What’s more, as wages continue to rise, the opportunity cost for peasants to leave high school and enter the work force skyrockets. Good high schools can cost $3,000 for three years, and a high-school-age laborer can earn $150 a month; that’s a cost differential of about $8,400—a fortune for poor peasant families.
Public health is another part of the problem that affects the poorer half of peasants, who make up about 28 percent of China’s college-eligible population. Scott Rozelle, codirector of the Rural Education Action Project at Stanford University, points to health problems, such as 40 percent anemia rates among poor and rural Chinese children—and the failure of the Ministry of Education to provide nutritious lunch programs. A spokesman for the ministry, asked about nutritious lunches, told NEWSWEEK to “get in touch directly with various schools in China, since China has so many schools and the conditions are different.”
A bureaucratic gap between the responsibilities of the Ministry of Health and the Ministry of Education exacerbates the health problems of poor students. “There is not one school in a poor area that has a nurse, and there’s no budget for health exams,” says Rozelle. “We asked a thousand principals in poor schools the rate of anemia among their students, and 82 percent said, ‘What’s anemia?’ ” Anemia significantly drags down test results not only of students with the disease but also of their peers, because students with anemia tend to disrupt classroom learning.
An urbanite from Hebei province, Shi Shuo graduated from Tsinghua University in 2008 with a major in art design. “I think the number of peasant students definitely dropped in the four years I was there,” he says. “As resources become more and more concentrated into the hands of people with power and money, it’s more and more difficult for regular families to get into elite universities.” In the topsy-turvy Mao era, students carried their peasant background with pride, and elite universities were full of peasants. In a speech last year, Chinese Premier Wen Jiabao mused about how when he attended university “almost 80 percent, or even higher, of my classmates were from peasant villages.” Yet as China’s economy started growing in the late 1970s, and wealth became more and more concentrated in urban areas, poverty and agriculture became symbols of an impoverished, out-of-touch China that many of its urbanites are happy to have moved beyond. “I live in a dorm, and all of my roommates are from urban backgrounds,” says Li Xiao, a rising junior at PKU. Li says that of all the kids she knows at school, just three or five admitted to having rural backgrounds; maybe more came from the country “but they’re ashamed to speak about it.”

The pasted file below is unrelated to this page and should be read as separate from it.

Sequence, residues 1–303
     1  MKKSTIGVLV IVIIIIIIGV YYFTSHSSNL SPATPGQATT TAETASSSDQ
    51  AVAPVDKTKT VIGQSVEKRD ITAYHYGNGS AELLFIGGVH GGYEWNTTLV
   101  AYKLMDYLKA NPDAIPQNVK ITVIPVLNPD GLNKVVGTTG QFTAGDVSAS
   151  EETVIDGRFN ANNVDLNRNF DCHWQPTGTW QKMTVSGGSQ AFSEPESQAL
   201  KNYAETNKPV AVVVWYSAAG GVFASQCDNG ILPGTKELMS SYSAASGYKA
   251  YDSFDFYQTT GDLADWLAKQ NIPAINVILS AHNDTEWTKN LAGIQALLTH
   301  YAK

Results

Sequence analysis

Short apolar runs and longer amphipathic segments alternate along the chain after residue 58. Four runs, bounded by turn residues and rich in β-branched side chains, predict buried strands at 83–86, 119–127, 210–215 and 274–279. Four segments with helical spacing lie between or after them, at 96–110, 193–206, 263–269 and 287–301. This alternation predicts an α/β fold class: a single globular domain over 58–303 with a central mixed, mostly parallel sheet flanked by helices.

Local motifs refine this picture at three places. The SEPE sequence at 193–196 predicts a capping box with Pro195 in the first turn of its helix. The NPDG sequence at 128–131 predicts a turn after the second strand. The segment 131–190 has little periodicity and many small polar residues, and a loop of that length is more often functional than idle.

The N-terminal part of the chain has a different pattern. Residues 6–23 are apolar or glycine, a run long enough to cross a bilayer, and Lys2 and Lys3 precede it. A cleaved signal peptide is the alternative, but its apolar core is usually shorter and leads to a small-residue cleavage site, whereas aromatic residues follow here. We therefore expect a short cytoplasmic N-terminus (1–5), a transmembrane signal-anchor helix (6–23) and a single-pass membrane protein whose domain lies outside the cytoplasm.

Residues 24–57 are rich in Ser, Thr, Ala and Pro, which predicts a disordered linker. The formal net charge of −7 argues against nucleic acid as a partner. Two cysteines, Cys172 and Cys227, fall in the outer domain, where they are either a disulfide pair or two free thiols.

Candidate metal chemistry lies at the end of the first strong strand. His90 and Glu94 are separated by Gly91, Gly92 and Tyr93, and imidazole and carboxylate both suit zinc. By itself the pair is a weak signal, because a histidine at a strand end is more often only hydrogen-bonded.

China’s education system, where peasants can get a rudimentary education before populating thousands of factories along its eastern coast, suited it when the country sought to be the world’s sweatshop. “At the same level of development in their history, Taiwan, South Korea, Japan, and the U.S. had practically full enrollments in high school,” says Rozelle. By contrast, only 60 percent to 70 percent of China’s current high-school-age students are in high school. Yet factory jobs will continue to migrate to places like India. Wages in China will continue to rise. And as long as China finds no better way to educate its rural poor, it’s staring down a future with a 100 million-strong underclass.